Low-Dose Aspirin Over The Counter Cancer Deterrent
A new study published in the Breast Cancer Research journal found that women who took one low-dose aspirin daily were at lower risk of developing breast cancer. Aspirin is a well known deterrent of cardiovascular disease, and now could be seen as a necessary cancer fighter. The study used data from roughly 60,000 women who agreed to take part in the California Teachers Study. In 2005–2006, a 10-year follow-up questionnaire collected updated information on frequency of current use of low-dose aspirin among other pain-relieving medications, weight, alcohol use, menopausal status, physical activity and other factors. A 20 percent reduction in cancer was found among the 23 percent of women in the study who took the low-dose aspirin on a regular basis, three or more times per week. Women who took other anti-flammatories such as ibuprofen, and those taking high-dose aspirin did not receive the same benefit. The use of three or more tablets of “other” NSAIDs was marginally associated with lower risk of breast cancer.
The US Preventive Services Task Force recommends that certain classes of people take a low-dose aspirin regularly so it can properly act as a deterrent for colorectal cancer and cardiovascular disease. A study done by Nancy Cook, a professor in the Department of Epidemiology at Harvard University, in 2013 found a connection between low-dose aspirin and the reduction of colorectal cancer. Those with Crohn’s or ulcers should not take aspirin, as it is known to be hard on the stomach lining. Those with bleeding disorders should also stay away as aspirin is a blood thinner.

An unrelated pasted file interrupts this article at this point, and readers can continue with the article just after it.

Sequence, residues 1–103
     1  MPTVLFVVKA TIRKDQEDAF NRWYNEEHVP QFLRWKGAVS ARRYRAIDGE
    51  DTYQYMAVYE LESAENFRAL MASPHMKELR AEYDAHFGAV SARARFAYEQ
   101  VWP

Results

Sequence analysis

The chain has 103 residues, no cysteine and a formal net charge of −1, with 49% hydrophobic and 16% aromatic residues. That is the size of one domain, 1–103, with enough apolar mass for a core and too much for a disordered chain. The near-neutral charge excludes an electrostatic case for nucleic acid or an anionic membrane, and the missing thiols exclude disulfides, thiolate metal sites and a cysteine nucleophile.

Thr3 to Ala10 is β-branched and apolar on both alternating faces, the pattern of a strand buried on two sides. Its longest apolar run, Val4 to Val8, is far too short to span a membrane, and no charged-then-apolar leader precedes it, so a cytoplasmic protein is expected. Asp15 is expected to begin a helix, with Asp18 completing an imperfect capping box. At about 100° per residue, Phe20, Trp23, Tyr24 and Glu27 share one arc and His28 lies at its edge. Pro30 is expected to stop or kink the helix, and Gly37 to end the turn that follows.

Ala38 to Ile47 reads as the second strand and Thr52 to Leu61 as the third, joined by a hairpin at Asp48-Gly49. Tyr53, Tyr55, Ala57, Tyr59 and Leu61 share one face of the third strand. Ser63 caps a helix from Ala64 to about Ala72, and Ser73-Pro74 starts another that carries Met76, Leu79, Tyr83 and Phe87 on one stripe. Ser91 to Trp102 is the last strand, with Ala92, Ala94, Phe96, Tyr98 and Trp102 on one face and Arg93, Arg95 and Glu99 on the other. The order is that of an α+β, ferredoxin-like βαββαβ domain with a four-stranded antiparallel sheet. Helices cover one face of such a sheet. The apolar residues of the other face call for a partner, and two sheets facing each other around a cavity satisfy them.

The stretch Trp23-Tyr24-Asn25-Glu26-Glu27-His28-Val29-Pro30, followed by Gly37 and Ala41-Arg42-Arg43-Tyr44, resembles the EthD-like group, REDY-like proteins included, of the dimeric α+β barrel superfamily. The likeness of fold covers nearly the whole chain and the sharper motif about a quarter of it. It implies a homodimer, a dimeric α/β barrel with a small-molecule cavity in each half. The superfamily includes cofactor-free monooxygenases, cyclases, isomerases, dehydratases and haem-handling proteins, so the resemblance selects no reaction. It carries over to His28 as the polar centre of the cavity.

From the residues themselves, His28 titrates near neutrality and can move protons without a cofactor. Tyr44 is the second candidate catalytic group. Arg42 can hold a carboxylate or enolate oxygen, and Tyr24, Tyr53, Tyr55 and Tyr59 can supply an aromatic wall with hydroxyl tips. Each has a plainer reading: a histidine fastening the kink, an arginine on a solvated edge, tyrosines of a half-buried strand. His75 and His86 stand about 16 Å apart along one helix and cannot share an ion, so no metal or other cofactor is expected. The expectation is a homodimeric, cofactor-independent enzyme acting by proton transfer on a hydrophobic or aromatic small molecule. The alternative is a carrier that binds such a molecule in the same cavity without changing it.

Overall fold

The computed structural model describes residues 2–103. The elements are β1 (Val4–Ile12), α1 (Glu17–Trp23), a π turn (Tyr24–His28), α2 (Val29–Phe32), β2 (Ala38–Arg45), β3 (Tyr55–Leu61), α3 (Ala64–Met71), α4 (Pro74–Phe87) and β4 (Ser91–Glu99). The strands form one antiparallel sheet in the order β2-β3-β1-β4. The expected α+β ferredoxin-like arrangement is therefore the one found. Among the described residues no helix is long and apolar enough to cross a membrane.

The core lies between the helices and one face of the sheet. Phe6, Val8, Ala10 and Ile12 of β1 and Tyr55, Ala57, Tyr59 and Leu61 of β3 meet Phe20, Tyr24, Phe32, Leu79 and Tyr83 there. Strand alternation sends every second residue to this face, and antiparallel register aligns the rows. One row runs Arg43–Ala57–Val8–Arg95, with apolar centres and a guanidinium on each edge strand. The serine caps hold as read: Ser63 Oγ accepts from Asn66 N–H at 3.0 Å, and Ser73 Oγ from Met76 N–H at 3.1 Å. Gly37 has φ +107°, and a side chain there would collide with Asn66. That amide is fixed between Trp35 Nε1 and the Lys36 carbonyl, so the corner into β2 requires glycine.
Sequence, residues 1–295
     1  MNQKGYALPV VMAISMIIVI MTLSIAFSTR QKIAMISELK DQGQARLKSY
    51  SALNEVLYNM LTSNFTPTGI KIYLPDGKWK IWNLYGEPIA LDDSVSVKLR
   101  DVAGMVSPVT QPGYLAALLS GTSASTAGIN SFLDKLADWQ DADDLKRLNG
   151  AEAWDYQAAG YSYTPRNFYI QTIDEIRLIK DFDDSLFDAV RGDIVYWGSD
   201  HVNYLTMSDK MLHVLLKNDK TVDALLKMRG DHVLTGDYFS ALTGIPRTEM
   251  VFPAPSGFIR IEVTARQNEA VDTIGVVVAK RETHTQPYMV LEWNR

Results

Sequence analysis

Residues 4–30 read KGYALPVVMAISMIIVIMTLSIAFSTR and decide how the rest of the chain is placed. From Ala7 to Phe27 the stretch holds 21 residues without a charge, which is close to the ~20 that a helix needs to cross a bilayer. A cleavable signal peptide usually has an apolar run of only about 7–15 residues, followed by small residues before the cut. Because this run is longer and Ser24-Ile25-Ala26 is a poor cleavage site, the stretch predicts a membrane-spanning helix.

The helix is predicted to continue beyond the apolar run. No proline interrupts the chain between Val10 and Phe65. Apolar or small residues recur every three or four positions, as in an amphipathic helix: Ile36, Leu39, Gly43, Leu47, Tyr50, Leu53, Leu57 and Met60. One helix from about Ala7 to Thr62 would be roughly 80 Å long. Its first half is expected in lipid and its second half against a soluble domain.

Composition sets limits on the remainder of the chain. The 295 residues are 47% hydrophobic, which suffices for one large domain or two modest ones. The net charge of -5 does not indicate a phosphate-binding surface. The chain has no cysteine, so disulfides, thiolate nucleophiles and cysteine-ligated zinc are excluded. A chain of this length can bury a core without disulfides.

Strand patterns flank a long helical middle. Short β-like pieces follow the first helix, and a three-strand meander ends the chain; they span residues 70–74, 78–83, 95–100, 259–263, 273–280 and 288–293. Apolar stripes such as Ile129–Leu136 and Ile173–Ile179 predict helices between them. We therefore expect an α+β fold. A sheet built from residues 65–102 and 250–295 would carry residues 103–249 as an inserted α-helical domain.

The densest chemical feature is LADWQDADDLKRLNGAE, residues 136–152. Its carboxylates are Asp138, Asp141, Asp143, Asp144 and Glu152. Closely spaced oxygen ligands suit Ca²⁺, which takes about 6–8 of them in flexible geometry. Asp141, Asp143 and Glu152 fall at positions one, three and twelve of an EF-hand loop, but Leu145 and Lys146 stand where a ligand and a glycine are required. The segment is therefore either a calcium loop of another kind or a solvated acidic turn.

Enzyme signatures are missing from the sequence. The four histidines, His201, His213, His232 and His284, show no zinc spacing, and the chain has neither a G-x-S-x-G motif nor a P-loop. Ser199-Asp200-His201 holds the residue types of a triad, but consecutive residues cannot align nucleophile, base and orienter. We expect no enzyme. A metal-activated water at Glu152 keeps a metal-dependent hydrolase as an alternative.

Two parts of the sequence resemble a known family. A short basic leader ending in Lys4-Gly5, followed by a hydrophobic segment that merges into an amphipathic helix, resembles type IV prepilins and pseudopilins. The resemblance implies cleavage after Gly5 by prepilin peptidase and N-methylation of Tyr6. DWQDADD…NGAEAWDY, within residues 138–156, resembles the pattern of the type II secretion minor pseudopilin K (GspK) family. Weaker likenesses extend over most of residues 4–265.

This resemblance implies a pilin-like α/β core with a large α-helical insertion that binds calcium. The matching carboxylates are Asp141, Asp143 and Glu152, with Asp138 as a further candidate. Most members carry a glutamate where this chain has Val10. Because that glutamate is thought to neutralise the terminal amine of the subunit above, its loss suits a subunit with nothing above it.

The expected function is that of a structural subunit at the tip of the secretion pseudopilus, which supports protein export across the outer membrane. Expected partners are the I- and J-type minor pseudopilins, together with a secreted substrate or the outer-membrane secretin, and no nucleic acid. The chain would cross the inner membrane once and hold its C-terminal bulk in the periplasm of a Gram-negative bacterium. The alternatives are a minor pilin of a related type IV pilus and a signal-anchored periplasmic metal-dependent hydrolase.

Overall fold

One reason there seems to be a lower cancer risk with daily low-dose intake is due to the fact that the medicine acts as an anti-inflammatory, or deterrent to inflammatory conditions, including cancer. “Simply things like obesity or inflammatory conditions are a risk factor for breast cancer, so this may be one reason it could help,” says Leslie Bernstein, a professor in the Division of Cancer Etiology in the Department of Population Sciences at the Beckman Research Institute. Aspirin also acts as an aromatase inhibitor, which is what is currently used to treat breast cancer. This stops the body’s estrogen production, which can lead to the growth of hormone-receptor-positive breast cancer cells. “Of course, more research, including clinical trials, is needed to see if this is the case,” Bernstein said of the study results. Cook added that the study is only observational. “That means it cannot determine cause and effect,” she said. “The meta-analyses that the authors cite are also mainly based on observational data.” But, she says the study is beneficial, nevertheless. “On the other hand, large observational studies sometimes are able to detect effects in some groups or for more rare outcomes that trials are not empowered to see, so these studies are still valuable.”
“This is the first report to suggest that the reduction in risk occurs for low-dose aspirin and not for regular-dose aspirin and only among women with the hormone receptor-positive/HER2-negative subtype,” wrote the study’s authors. “This preliminary study builds on previous knowledge and further supports the need for formal cancer chemoprevention studies of low-dose aspirin.” They advise that anyone adding aspirin to their daily regimen first consult a primary care physician.